GM Share Turns Starchy Analysts Into Snarksters
Jefferies is one of those starchy global investment banks and institutional securities firms where a two tone collared shirt is their idea of casual Friday. It is also a place where highly paid financial analysts outsnark the most ruthless TTAC writer, Yesterday, Jefferies sent its “Jefferies institutional clients that include investment managers, insurance companies, hedge funds and pension funds worldwide” a research note that my pal who owns a hedge fund volunteered to share with TTAC readers, as long as we guarantee full anonymity. No problem.
The note is titled “Is GM Turning into a Busted Thesis?” and deals – you guessed it – with the GM stock. H. Peter Nesvold, CFA, and Thomas Fogarty, CFA, both equity analysts at Jefferies, are underwhelmed by the GM share.
“How many large-cap IPOs have you bought over the last six months in which the issuer already missed initial expectations by 30% and were hit with senior management turnover? This is what seems to have happened at GM since the November IPO, yet few analysts seem concerned. We struggle to understand why.”
What’s so hard to understand?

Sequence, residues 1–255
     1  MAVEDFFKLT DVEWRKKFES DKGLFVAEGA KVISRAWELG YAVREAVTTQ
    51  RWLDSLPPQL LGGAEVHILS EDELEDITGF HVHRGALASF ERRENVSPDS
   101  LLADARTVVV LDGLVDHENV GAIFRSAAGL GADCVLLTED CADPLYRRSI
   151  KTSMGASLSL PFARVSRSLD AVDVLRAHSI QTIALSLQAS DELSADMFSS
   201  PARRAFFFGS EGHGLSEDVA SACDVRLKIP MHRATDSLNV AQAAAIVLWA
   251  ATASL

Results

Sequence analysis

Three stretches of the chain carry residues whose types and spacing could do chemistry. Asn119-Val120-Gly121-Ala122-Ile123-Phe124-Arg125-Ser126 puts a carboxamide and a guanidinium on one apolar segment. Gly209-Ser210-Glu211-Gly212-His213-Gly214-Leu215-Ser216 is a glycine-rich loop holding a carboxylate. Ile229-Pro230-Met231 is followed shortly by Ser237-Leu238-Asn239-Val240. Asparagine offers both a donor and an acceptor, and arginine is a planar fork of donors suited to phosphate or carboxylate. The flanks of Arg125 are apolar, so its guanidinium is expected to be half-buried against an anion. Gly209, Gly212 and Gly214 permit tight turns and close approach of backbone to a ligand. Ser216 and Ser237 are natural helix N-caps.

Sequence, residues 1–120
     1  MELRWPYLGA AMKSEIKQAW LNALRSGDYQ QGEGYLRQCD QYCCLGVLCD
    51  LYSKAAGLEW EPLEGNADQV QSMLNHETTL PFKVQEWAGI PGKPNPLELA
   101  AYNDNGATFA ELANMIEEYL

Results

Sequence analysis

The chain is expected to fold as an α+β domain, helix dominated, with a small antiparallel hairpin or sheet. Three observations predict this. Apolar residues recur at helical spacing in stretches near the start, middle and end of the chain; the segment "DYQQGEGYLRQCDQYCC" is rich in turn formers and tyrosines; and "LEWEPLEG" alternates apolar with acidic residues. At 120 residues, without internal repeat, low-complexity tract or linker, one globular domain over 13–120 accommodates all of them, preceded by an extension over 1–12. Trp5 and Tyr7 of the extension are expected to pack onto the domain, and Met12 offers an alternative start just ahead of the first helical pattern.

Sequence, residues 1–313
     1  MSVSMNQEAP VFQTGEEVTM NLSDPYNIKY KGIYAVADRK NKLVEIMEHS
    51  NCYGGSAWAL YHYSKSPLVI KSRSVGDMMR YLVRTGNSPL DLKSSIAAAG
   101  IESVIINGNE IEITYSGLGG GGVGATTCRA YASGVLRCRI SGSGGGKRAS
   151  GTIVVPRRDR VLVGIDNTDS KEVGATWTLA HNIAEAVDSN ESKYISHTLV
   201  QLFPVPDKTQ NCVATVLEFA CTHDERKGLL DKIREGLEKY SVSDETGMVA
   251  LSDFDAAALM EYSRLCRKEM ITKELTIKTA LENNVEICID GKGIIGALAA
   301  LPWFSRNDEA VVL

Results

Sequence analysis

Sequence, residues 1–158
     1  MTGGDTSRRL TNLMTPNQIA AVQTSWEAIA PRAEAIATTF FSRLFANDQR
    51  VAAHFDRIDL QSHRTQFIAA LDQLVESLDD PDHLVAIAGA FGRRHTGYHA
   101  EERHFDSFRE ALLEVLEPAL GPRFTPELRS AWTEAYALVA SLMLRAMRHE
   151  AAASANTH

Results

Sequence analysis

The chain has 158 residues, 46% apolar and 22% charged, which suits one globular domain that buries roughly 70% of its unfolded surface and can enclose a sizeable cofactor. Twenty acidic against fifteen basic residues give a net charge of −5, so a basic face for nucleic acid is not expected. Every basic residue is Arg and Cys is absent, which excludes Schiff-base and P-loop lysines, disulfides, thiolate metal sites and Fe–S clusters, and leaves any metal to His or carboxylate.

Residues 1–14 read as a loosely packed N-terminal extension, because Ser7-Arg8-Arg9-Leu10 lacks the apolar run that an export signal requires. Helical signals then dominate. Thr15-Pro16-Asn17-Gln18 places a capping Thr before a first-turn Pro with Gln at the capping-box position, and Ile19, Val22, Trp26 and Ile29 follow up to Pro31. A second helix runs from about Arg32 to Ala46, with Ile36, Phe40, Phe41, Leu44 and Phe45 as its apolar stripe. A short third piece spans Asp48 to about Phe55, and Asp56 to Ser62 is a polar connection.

“Think back to the IPO pitch: (1) A restructured GMNA would capitalize upon materially improved pricing; (2) GM had significant earnings leverage to emerging market growth; and (3) a European turnaround was a free option. Less than six months later, the first two seem to have lost steam while the third point was not a major selling point, in our view.”
And GM isn’t delivering on these promises? No, say our certified snarksters:
“GMNA and GMIO/GMSA missed underwriters’ initial expectations by 30%, set only five months ago. We pulled the six initiation reports that came out on the “free to publish” date of Dec. 28 from the primary underwriters and compared GM’s 1Q results vs. expectations from less than five months ago. 1Q EPS missed initial estimates by 16%; GMNA missed by 29%; and GMIO/GMSA missed by 34%. What’s more, GMNA missed widely despite the fact that the company overbuilt high-margin T-900 trucks during the quarter.”
Jefferies has a “hold” on the stock. In the starchy analyst trade, that’s an euphemism for “dump.”
PS: The research note is available only to high net worth institutional clients. Sorry, no link.
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Sounds like one of Jefferies' competitors got cut in for the sweetmeat, and jefferies didn't.